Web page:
The Effectiveness of a Mobile App Intervention for Anxiety and Depression Symptoms in University Students: a Randomised Controlled Trial

Tayla McCloud, Rebecca Jones , Gemma Lewis, Vaughan Bell , Elias Tsakanikos

Research output: Contribution to journalArticle

Abstract

Background: Depression and anxiety symptoms are common among university students, but many do not receive treatment. This is due to lack of availability, reluctance to seek help and many students not meeting the diagnostic criteria required to access services. Internet-based interventions such as smartphone applications can overcome these issues, but at present there are a large number publicly available and a dearth of evidence demonstrating their effectiveness.

Objective: To evaluate for the first time the effectiveness of a self-guided mobile app, “Feel Stress Free”, for the treatment of depression and anxiety symptoms in students.

Methods: A web-based randomised controlled trial (RCT) compared a cognitive behavioural therapy-based mobile app “Feel Stress Free” with a wait list control group. The app is fully automated and incorporates behavioural relaxation activities, mood tracking and thought challenging, and mini-games. University students experiencing symptoms of anxiety and/or depression were randomised to either the intervention group (n=84) or control group (n=84). Participants completed the Hospital Anxiety and Depression Scale (HADS) online at baseline and fortnightly for six weeks.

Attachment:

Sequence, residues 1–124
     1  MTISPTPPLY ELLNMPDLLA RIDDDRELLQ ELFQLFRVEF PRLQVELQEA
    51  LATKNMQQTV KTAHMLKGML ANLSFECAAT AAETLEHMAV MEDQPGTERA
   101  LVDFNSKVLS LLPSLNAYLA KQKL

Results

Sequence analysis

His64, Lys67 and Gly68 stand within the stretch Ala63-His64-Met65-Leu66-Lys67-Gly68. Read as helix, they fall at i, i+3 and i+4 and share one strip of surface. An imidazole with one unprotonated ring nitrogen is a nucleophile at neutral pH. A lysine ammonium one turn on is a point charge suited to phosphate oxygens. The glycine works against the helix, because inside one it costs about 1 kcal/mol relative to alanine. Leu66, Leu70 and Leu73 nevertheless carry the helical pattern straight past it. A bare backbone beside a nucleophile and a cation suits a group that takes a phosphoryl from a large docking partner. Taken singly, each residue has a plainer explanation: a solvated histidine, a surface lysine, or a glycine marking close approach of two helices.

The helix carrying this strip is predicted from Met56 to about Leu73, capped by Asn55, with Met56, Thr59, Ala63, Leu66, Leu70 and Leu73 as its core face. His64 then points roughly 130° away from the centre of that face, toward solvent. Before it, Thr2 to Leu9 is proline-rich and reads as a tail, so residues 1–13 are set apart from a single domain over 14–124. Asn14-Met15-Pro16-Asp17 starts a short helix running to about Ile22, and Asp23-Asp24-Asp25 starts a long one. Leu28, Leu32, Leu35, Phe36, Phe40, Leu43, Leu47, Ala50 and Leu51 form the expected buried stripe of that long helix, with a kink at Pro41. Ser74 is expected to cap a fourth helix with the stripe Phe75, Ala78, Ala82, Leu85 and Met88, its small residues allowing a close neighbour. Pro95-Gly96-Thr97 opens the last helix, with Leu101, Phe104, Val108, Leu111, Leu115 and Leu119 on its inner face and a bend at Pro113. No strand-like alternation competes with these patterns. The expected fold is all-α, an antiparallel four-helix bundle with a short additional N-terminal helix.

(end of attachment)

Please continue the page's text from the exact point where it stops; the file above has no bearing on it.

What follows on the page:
Results: At week 6, the primary endpoint, there was evidence that the “Feel Stress Free” app reduces depression symptoms (mean difference: -1.56; 95% CI: -2.67 to -0.44; P = .006), but not anxiety symptoms (mean difference: -1.36; 95% CI: -2.93 to 0.21; P = .09). At week 4, however, there was evidence to support the effectiveness of the intervention for both anxiety symptoms (mean difference: -1.94; 95% CI: -3.11 to -0.77; P = .001) and depression symptoms (mean difference: -1.08; 95% CI: -2.12 to -0.04; P = .04). At week 6, 83% of participants indicated that they were using the app weekly or more.

Conclusions: The “Feel Stress Free” application is a promising mobile intervention that overcomes many of the barriers to traditional CBT. It appears to be beneficial for treating symptoms of depression and anxiety in students, but further research is needed to establish its long-term effectiveness.
Trial Registration: ClinicalTrials.gov NCT03032952

© 2020 The Author(s). This is an open-access article due to be published open access in the JOURNAL OF MEDICAL INTERNET RESEARCH.
Original languageEnglish
JournalJournal of Medical Internet Research
Publication statusAccepted/In press - 26 Apr 2020

Cite this